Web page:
Tuesday, October 18, 2011

Call to re-look pricing of new flats

Oct 18, 2011

Zainudin also wants Govt to help families, lower-income group

By Kor Kian Beng

GIVING Singaporeans affordable roofs over their heads was uppermost in the mind of Mr Zainudin Nordin (Bishan-Toa Payoh GRC) yesterday, when he called on the Government to re-look the way new HDB flats are priced, with a view to lowering the prices further.

He felt more could be done, especially in imputing the cost of land in the price formula.

Current home prices worry him, he said, because from listening to his residents he finds that Singaporeans are spending a large chunk of their incomes on paying their housing loans.

Beyond new flat buyers, he wants the Government to help two other groups.

One is the low-income.

The Government should restrict the resale of three-room HDB flats to only the low-income, as is the HDB's original intention, he said. Currently, there is no income ceiling for these resale flats unless buyers are applying for government loans or grants.

The other group are families who need cheap, temporary shelter while waiting for longer-term accommodation, like new flats to be built.

In his focus on affordable housing, Mr Zainudin wants the Government to 'seriously consider the pricing formula'.

'I agree that we have to impute a cost for the use of land to build flats, but on what basis? I don't think this question has been adequately debated,' he said.

Though government figures show Singaporeans spend a smaller proportion of their incomes on home loans compared to international benchmarks, he feels more could be done to ease their burden.

It would help increase their retirement savings, he added, noting that they also spend a large chunk on transport and education.

Singapore families who own new flats in non-mature estates spend an average 23per cent of their incomes on paying their 30-year home loans. Internationally, the rate is 30 per cent to 35 per cent.

Mr Zainudin also wants the pricing formula to be as transparent as possible. Doing so will assure Singaporeans that 'the Government is not out to make a profit through the sale of public housing'.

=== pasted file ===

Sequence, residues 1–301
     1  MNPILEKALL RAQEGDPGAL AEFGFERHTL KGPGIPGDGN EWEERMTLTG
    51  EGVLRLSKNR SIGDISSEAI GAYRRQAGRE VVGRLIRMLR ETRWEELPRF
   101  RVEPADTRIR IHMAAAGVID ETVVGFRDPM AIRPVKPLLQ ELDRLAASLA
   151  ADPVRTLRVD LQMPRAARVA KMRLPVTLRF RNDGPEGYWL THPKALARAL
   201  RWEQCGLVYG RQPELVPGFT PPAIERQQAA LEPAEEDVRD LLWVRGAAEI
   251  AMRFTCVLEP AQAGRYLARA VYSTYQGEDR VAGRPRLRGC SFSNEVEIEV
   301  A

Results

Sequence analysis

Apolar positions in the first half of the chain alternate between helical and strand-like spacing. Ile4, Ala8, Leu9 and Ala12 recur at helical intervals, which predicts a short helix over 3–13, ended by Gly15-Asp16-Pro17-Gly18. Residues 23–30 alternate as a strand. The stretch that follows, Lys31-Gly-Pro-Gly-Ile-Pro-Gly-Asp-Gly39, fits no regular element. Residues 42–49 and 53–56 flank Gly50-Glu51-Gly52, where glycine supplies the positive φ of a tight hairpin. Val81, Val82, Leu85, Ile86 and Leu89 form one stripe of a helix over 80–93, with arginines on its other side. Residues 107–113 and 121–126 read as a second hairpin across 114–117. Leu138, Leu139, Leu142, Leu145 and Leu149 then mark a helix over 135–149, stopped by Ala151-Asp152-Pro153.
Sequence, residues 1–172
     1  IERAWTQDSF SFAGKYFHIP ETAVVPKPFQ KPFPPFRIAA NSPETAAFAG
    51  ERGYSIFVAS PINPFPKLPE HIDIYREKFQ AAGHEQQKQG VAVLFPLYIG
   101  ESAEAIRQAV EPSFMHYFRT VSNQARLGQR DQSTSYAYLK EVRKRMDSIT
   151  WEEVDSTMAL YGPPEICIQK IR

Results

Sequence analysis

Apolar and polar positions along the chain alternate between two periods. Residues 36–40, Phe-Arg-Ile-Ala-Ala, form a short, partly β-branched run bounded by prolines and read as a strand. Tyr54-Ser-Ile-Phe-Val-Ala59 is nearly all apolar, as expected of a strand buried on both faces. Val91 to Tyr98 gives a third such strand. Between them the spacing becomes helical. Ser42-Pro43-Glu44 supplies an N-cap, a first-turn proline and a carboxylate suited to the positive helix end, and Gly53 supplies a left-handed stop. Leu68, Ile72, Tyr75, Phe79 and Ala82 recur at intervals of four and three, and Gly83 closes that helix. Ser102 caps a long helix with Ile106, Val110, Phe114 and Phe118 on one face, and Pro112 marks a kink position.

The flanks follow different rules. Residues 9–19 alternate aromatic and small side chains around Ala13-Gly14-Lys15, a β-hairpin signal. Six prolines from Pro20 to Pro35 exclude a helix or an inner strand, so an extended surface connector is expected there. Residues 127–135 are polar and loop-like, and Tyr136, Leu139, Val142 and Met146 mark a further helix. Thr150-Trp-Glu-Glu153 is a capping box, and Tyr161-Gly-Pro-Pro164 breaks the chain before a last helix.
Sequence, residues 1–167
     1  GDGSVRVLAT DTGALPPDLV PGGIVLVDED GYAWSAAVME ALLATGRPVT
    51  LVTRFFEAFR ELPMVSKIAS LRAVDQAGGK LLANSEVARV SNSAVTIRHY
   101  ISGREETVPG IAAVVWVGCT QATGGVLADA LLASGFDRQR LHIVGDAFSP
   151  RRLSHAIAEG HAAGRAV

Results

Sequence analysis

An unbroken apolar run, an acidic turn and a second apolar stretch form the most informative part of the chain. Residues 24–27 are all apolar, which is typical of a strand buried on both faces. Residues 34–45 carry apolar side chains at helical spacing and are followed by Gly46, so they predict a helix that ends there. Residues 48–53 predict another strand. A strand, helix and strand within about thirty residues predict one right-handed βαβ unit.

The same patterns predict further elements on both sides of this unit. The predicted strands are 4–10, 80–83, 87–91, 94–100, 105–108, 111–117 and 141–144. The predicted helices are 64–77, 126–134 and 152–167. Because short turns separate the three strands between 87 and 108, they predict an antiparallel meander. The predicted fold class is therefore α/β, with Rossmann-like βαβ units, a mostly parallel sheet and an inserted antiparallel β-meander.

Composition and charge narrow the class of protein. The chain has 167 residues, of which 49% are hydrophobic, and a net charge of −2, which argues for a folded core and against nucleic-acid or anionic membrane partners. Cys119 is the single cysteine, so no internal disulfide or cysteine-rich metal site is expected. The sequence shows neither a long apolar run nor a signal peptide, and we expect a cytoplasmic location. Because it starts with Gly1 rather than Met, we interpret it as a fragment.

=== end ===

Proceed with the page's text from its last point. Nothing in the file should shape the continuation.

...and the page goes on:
As for the resale prices of three-room flats to the low-income, he suggests prices be pegged to the original sales price plus the annual inflation rate.

Such a move would pave the way for these families to own flats, as well as exclude people who buy them 'as an investment or for speculation'.


[Haves and Have-nots. Restricting resale of 3-room flats to low income families would mean that 3-rm flat owners cannot ask for better price. This would be a drag on their attempt to upgrade. E.g. say they bought a 3-rm flat from HDB, after 10 years, they sell the flat back to HDB at a slight appreciation due only to inflation. Currently, they can get a very good market-based price for their flat, which would go towards offsetting their second bite of the cherry for an upgraded 4 or 5 room flat direct from HDB.
This would mean that it would be more difficult for them to upgrade, and they may not in effect upgrade, and they may not even be able to sell the flat because they can't afford to upgrade, and they would be less socio-economically mobile, being stuck in a 3 room flat for a longer time.
The current set up is a good compromise. HDB builds and sells at a discount 3-room flats to eligible low-income families. The flats rise in price and the low income family is able to sell the flat at a gain and buy another subsidised flat from HDB. The 3-rm flat is then released to the open market for higher income buyers to transfer their income to the low income family. This is redistribution of wealth. In a sense the govt has tapped into the private market to "subsidise" the low income family's upgrading.]

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